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Blue skies ahead

ID-10043357.digitalart“I am not sure what I shall do. Nothing here has worked out quite as I expected.”
“Most things don’t. But sometimes, what happens instead is the good stuff”
The Best Exotic Marigold Hotel.

About a year ago, after much soul-searching, I was emotionally in a place where I wanted to move on. I wanted to begin a course. I wanted to try something different. I wanted to move away. I wanted to begin my new life.

I couldn’t. I still had to finish off the marital settlement and run the business.
I became stationed in this horrible place of being here and wanting to be there.
Everything was overwhelming me and I was in deep pain.

At the time many friends, family and supporters assumed I was still suffering the end of my marriage, the leaving of me by my husband, its emotional effects, and my shattered self-esteem. Whilst those issues added to my pain, they were no longer the main problem. What I was experiencing was not something that I had to ‘get over’. It was something that I had to ‘get through’. The problem, and hence my misery, was all the legal and practical things that still had to be done surrounding the marital settlement. There was still all that mud to trudge through, before I could begin my life as I wanted it.

I yearned for a better life yet to ‘get through’ to that better life, I had to put that better life aside. I had to put aside my dreams. I had to stop writing poetry. I had to stop planning my future. I had to stop indulging in soul-searching. I had to face what needed to be done and devote my time to getting done what I had to get done.

Nevertheless I had been instilled, with a vision of a better life.

In some ways, the vision made things much more painful. Up until that point, I had clung onto the remnants of my old life. The relative uncomfortableness surrounding my marriage end had become tolerable. I had become used to feeling under-par rather than happy. I had become used to scattered grey clouds over my head. I would smile and carry on.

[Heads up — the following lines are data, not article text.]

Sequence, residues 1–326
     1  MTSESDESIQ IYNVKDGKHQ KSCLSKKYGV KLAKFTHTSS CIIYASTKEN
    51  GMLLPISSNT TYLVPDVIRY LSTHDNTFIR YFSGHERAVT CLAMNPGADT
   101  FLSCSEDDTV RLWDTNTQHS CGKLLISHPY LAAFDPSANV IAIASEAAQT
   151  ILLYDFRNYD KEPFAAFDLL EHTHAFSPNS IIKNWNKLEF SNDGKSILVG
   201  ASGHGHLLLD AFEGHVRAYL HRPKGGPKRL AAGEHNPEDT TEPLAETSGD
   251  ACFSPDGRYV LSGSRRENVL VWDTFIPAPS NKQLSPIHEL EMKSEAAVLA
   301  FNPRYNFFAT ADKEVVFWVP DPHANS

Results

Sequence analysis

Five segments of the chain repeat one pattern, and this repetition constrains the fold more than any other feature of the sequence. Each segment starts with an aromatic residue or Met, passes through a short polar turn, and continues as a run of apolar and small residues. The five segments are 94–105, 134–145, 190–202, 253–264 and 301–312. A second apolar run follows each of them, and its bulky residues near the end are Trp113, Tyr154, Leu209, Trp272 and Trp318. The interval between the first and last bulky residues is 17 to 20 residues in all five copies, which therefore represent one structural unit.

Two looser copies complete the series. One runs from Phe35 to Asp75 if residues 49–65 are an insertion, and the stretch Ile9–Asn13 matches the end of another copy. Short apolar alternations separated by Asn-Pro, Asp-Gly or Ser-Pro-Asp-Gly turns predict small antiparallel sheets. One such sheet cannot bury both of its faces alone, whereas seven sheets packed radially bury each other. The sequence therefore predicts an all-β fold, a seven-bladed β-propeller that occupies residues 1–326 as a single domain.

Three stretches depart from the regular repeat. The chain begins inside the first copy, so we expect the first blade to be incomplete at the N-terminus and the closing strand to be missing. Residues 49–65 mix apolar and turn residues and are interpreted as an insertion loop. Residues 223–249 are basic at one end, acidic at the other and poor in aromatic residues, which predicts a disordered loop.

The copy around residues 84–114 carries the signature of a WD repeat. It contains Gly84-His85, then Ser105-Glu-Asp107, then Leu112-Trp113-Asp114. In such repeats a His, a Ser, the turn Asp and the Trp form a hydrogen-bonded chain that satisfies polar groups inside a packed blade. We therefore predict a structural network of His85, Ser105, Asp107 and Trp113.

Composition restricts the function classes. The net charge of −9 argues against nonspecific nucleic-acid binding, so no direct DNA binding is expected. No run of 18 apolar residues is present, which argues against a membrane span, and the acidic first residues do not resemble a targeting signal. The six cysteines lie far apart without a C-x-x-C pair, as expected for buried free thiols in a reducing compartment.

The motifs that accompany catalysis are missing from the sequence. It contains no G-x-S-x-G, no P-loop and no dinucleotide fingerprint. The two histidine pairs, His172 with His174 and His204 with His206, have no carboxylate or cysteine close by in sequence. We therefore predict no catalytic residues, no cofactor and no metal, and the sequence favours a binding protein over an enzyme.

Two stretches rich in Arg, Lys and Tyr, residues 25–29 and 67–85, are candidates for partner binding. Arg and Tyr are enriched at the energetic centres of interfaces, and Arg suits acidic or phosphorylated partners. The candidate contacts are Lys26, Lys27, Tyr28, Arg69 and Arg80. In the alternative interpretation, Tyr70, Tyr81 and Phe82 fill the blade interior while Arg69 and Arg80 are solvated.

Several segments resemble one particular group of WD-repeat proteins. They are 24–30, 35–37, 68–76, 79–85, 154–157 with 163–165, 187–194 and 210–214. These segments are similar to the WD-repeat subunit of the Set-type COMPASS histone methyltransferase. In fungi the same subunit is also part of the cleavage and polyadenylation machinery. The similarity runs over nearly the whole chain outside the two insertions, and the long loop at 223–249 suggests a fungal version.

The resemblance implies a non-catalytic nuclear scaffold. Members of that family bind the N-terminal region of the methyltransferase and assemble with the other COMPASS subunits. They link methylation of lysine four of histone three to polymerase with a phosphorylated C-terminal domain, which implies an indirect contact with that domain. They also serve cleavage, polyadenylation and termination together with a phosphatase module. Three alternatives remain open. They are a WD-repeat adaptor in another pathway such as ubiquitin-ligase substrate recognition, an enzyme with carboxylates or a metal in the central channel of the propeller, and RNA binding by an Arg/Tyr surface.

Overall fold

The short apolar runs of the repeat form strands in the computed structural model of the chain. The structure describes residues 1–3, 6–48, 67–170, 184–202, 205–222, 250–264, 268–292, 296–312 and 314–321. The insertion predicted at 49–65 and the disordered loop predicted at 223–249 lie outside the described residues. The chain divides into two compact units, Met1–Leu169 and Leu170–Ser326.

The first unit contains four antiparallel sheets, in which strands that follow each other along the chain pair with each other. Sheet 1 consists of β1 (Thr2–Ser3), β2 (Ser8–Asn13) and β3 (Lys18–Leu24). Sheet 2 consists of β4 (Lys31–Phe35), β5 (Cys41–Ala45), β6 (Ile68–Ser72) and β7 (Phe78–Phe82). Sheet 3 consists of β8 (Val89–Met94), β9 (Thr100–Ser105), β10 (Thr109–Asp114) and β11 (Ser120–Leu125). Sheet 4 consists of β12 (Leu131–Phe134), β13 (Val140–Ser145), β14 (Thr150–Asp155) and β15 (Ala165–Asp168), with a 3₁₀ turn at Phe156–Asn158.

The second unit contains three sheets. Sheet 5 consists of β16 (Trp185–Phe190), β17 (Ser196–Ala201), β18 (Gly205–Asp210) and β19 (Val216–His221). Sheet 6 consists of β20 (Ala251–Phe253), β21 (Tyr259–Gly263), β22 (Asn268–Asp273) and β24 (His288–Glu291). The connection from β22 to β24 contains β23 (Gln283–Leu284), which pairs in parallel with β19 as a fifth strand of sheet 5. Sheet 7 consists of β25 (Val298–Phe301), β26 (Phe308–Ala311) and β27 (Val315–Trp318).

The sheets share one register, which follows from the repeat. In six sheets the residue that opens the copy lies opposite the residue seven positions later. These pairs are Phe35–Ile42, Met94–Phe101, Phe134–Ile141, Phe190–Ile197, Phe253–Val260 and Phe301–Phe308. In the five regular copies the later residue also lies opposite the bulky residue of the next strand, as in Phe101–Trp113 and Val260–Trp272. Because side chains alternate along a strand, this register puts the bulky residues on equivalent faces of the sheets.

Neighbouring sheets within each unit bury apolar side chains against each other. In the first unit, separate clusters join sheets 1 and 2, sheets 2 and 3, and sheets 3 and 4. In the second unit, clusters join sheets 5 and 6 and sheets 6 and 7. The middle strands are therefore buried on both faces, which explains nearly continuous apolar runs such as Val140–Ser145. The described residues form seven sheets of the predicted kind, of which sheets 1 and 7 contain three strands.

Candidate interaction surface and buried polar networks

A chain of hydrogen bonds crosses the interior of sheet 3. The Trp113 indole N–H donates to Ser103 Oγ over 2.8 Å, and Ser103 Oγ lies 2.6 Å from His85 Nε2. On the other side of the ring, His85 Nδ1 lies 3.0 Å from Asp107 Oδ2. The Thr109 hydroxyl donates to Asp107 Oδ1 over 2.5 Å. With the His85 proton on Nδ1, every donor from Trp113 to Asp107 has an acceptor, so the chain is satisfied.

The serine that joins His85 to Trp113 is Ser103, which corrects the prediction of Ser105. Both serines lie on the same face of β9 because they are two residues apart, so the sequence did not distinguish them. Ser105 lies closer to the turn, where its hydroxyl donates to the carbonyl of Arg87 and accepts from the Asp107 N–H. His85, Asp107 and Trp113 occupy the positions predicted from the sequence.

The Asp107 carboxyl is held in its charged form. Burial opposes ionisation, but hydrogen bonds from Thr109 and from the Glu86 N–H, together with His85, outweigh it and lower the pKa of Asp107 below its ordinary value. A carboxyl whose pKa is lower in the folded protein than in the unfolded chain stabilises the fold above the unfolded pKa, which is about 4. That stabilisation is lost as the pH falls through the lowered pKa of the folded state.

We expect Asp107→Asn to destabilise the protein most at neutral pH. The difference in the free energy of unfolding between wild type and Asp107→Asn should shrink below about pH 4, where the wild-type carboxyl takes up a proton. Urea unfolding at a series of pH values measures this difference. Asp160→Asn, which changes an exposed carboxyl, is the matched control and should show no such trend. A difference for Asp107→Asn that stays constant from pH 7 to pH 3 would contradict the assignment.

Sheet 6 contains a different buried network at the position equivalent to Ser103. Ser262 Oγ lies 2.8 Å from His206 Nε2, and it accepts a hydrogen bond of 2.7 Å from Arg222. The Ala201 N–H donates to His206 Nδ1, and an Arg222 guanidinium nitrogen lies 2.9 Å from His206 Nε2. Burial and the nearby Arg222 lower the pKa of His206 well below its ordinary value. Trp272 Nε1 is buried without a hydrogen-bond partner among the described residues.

Once the vision of a better life had been planted in my head, that world I was in became a scary deep hole. There were no clouds to see. There was total darkness. It was the vision of a better place that made the world that I was in so painful and intolerable.

And yet …

It was the vision of me striding towards that better place that kept me going forward, that kept me trudging onwards through the mud, until I was through it on the other side.

which is where I am now –

  • flitting from activity to activity unable to focus and not bothered that I can’t
  • spending a lot of time faffing
  • sorting out my own personal budget and knowing that it is all mine
  • planning
  • not planning
  • watching drippy movies and not caring that I am wasting time
  • feeling anxious (‘what on earth am I going to do with the rest of my life?’)
  • feeling euphoric (‘I can choose to do whatever I want!’)
  • back to my dreams of a wonderful future
  • in a world of hope and happiness
  • understanding there is still practical stuff to get done  – and knowing it will be
  • knowing, as in the quote above, I am heading towards ‘the good stuff’



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Song: Jimmy Cliff version of the Johnny Nash hit ‘I can See Clearly Now’.






Caring for mother # 5 – Guilt



When my father passed away very suddenly, I was nineteen years old, nearly twenty. Before that event, my life had been laid out for me in a predictable fashion. Childhood – adolescence – career – marry – children – retire – become old & etc.

Losing my father prematurely did not fit into my plan.

I blocked that bit out. I blocked out the fact that the plan had changed.